Categories
Business

British defense companies seek to exploit a loophole in Russia’s armor Business

Tusa says the Indians might also be interested in buying the next generation light anti-tank weapon, or NLAW missile. The missiles, which cost around £20,000 to produce, are being developed by Swedish company Saab and built in Belfast.

The British Army sent over 4,000 NLAWs to Ukraine to support the war effort, with the weapons gaining ‘cult status’ in the country.

Britain is also expected to tout its Sky Saber missile system to foreign governments. The surface-to-air missile was developed by the defense company MBDA to shoot down stealth jets and hypersonic missiles.

Defense Secretary Ben Wallace announced that the British Army was sending the Sky Saber system to Poland during a trip to Warsaw in March. The missile was deployed alongside 100 troops to protect NATO’s eastern border.

Johnson touted British defense contractors during his recent visit to India. A strategic statement issued alongside the trip said: “Leaders noted the importance of strong defense industrial collaboration for the manufacture of equipment, systems, spare parts, components, aggregates and other related products and key defense capabilities.

“They noted cooperation in key areas of strategic collaboration, including modern fighter aircraft and advanced jet engine core technology.”

Tusa says British defense companies could also aim to sell their equipment to countries like Poland, Romania and Bulgaria, all of which have stockpiles of Soviet-era weapons.

But Tusa warns against the willingness of British companies to seize the market opportunity presented by Russia’s faltering war effort.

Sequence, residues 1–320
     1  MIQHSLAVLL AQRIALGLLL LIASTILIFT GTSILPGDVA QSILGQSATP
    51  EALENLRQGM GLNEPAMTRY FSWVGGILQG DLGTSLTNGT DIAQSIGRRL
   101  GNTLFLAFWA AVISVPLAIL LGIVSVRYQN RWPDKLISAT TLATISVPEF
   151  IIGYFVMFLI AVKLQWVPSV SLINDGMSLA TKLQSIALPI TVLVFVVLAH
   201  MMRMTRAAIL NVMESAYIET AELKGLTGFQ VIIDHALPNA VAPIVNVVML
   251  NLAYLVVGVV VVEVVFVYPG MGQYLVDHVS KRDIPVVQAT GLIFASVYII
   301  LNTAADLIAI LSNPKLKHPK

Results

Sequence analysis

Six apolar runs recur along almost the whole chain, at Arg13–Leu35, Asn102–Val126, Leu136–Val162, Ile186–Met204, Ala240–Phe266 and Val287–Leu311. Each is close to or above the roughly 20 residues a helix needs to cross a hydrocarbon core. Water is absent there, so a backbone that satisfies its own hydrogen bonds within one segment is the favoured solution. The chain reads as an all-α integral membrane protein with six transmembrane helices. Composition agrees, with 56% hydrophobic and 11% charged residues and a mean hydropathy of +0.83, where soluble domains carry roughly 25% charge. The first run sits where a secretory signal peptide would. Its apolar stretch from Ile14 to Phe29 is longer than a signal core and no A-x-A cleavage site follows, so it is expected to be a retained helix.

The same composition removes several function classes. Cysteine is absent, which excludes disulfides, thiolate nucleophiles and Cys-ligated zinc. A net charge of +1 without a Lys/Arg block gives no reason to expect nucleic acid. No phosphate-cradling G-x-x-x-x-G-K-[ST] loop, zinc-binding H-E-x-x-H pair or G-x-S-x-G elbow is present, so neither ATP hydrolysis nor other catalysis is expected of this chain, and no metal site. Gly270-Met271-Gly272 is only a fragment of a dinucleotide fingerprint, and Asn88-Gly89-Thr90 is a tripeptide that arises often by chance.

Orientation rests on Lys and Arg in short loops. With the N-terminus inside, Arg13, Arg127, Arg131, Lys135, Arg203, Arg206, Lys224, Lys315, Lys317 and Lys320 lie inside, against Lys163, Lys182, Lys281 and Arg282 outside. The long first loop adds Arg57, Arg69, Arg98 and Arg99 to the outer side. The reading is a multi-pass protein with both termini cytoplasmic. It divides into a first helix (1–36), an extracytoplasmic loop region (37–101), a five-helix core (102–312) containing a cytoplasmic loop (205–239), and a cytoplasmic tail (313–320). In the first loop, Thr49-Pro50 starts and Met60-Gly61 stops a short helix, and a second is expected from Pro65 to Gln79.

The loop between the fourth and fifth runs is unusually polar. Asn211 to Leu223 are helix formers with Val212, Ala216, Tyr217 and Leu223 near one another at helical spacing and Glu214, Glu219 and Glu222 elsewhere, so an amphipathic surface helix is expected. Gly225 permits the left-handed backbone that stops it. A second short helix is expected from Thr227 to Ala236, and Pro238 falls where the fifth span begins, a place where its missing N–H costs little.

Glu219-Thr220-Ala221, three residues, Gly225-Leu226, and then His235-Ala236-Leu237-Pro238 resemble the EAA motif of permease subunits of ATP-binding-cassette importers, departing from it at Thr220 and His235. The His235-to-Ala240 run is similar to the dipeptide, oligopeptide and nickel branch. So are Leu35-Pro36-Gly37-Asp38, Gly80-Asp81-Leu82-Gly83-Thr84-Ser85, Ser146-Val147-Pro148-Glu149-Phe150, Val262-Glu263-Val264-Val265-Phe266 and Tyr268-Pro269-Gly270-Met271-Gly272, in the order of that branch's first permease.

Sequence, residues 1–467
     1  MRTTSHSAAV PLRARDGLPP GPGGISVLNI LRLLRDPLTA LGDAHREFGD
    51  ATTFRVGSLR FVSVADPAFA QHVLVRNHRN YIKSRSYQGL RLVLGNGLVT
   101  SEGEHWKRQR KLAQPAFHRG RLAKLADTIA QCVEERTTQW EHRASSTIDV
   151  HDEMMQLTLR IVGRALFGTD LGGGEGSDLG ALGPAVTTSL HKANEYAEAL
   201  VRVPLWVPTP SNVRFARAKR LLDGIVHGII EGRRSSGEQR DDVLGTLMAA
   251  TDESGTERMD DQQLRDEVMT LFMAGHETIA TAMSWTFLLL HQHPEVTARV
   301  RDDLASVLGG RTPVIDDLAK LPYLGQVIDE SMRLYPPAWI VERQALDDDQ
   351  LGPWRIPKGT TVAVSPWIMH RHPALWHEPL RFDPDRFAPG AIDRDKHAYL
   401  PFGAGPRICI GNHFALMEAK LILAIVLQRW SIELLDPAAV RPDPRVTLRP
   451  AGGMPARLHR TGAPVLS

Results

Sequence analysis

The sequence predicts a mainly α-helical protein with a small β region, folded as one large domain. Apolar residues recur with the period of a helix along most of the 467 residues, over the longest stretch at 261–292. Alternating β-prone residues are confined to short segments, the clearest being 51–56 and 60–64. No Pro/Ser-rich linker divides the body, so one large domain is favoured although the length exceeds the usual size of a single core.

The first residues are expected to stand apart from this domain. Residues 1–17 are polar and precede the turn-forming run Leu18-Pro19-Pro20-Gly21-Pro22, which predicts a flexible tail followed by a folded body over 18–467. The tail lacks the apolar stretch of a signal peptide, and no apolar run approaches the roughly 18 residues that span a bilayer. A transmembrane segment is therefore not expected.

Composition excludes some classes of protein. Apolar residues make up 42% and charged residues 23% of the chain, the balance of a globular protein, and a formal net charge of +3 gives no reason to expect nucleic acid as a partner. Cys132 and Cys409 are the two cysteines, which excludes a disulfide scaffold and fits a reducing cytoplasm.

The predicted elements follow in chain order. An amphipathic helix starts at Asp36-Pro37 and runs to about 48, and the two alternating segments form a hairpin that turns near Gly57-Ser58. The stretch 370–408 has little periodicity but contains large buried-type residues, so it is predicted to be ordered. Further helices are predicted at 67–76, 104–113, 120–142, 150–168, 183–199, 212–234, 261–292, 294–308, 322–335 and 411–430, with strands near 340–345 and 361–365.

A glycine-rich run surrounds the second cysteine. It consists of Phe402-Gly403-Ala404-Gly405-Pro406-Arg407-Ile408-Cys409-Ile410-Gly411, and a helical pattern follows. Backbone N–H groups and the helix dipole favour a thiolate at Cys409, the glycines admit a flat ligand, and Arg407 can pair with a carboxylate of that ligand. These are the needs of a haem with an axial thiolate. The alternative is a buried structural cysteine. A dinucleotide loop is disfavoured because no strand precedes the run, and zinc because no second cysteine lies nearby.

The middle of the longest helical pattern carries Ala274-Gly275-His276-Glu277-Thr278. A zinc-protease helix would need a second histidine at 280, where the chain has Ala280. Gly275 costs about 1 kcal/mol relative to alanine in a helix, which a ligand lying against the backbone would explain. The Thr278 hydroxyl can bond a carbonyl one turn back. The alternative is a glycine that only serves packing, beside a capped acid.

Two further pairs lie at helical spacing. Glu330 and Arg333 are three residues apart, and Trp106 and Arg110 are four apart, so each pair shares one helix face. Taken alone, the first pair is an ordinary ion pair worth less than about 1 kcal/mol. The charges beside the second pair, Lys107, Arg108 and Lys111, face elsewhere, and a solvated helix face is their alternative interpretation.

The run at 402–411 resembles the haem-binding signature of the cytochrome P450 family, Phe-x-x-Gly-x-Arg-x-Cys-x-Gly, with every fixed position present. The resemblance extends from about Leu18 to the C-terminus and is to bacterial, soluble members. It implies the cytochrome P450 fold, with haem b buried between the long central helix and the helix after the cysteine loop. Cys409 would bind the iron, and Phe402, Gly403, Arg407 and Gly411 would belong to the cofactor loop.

He says military leaders have failed to back UK products for their own armed forces, and that has hurt international sales, and adds that foreign militaries are unlikely to back products like BAE if they don’t. are not purchased. in bulk by the British Army first.

“There are no British tanks, for example. We don’t have a production line,” he says.

“At the moment the army just wants to buy American stuff, so it’s £14billion that’s largely theirs.

“You would think with Ukraine that the military would go to BAE Systems to ask for more artillery ammunition, but no such activity is happening.

“We are stuck because there is a massive lack of activity in the Ministry of Defense on this. There is a perceived lack of commitment from our own armed forces. We are in a weak position and it was all predictable.”

The war in Ukraine has reemphasized the preparation of armies for combat. But as world nations look outside of Russia to bolster their armaments, Britain may well have to stockpile its own products before trying to sell them elsewhere.

More about this article: Read More
Source: www.telegraph.co.uk
This notice was published: 2022-05-15 11:00:00

Leave a Reply

Your email address will not be published. Required fields are marked *